Code Before the Horse

A blog about XHP, UI, and horses

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An Introduction to XHP

There seems to be very little on the web still about XHP. It’s an incredibly powerful tool that I think remains unused mostly because of its lack of documentation. Hopefully this will help get the ball rolling, so to speak, with adoption of XHP as the eventual defacto standard in PHP web programming, as is my opinion it should be.

Let’s start with the basics. Assuming you have XHP installed into your PHP instance (if not you may download the source here), you can now declare HTML nodes as PHP objects.

$img = <img src="spacer.gif" />;

Notice the lack of quotes around the image tag. This is not a string, but rather a PHP object. XHP will take this syntax and parse it out into the standard PHP object syntax.

$img = new __xhp_img(array('src' => 'spacer.gif'), null);

Here you can see a more recognizable syntax and how it translates into XHP. The first parameter into the constructor is an array of attributes, and the second is an array of children, obviously null in this case because img elements cannot have children.

So, ok. Now you might be saying “so what?” Well, I’ll tell you. There are a lot of advantages we gain from storing the HTML in objects before rendering them to the page.

  1. Parse time validation of HTML syntax. Have you ever forgotten to close an element? Closed it with the wrong tag? Misspelled an element? Included an element where it didn’t belong? Mistyped an attribute? Well, you won’t have to worry about any of that anymore. XHP validates the syntax and structure of the entire tree on render and will throw an exception if any of the above cases are true.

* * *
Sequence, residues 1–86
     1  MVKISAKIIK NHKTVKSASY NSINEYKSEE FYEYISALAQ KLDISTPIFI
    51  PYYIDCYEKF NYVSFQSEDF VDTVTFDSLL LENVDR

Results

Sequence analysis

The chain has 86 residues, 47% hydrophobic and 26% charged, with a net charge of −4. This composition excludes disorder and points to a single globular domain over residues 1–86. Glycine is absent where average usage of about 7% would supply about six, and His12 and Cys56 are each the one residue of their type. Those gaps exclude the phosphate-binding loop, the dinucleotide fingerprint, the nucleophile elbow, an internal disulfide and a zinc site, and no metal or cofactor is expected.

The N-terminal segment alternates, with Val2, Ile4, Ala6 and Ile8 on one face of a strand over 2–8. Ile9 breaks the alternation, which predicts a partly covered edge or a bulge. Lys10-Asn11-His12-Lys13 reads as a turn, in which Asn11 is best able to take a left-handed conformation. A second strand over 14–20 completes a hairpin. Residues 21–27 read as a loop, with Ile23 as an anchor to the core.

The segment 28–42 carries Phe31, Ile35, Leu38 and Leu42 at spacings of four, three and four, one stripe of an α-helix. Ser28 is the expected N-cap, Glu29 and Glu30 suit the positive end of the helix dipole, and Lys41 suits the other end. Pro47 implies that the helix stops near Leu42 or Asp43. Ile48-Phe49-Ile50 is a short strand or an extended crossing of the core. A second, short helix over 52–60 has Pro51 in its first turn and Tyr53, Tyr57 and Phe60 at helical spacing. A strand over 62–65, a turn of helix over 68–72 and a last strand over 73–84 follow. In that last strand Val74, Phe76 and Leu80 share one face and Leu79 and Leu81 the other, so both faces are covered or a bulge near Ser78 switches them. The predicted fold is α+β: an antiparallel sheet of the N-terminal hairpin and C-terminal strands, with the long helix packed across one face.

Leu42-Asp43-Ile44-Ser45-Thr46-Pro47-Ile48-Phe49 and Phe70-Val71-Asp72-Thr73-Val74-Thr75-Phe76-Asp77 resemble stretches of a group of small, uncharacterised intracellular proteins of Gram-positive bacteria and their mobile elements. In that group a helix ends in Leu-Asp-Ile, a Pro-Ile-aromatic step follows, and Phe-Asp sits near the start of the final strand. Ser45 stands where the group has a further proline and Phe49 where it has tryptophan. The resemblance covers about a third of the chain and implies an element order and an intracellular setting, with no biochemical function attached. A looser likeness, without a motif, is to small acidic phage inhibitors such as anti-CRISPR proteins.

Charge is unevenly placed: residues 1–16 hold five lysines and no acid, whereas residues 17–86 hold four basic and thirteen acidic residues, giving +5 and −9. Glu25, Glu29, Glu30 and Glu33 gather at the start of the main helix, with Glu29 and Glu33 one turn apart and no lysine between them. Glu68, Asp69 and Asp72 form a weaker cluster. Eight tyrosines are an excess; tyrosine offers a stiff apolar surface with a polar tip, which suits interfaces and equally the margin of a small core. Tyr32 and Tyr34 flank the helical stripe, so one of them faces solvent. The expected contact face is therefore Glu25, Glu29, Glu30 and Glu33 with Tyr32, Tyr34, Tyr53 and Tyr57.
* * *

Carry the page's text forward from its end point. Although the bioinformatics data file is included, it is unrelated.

2. Automatic XSS protection. Because all rendering to the page is done inside XHP, you will no longer have to worry about hidden XSS holes. XHP does all the escaping for you and security becomes the standard, not the exception.
  3. Object mutation. Because these are PHP objects, you can pass them around and set and get any attribute or child element. No need to worry about complex regex pattern matching over HTML strings. Just get and set.
  4. XML templating. Instead of writing functions to generate HTML, or switching in and out of PHP, you can build your own XHP elements and mix them in with basic HTML elements to maintain a single tree of XML representative of the generated HTML to be rendered to the page.

Let me expand on that last point, as I think it is a deceptively important feature of XHP. Take this example of some PHP generating a blog post:

<div class="blogPost">
<?php
  echo '<h3>'.$blog->getTitle().'</h3>';
  foreach ($blog->getMetaData() as $label => $value) {
    echo '<div class="meta>'.$label.': '.$value.'</div>';
  }
  echo '<div class="content">'.$blog->getContent().'</div>';
?>
</div>

This can be done simpler by creating your own XHP element to encapsulate the looping logic:

echo
  <div class="blogPost">
     <h3>{$blog->getTitle()}</h3>
     <ui:blog-meta-data blog={$blog} />
     <div class="content">{$blog->getContent()}</div>
  </div>;

Now there’s just one block of XHP and you don’t need to worry about the logistics of how the meta data work when you output your blog post. Essentially we’ve separated logic from presentation. We can take this even further to a more useful abstraction and organize presentational sections into their own components.

echo <ui:blog-post blog={$blog} />;

This can be abstracted as high up the stack as your needs may suit you. For example, instead of looping through an array of blogs, you might have an element that does that for you.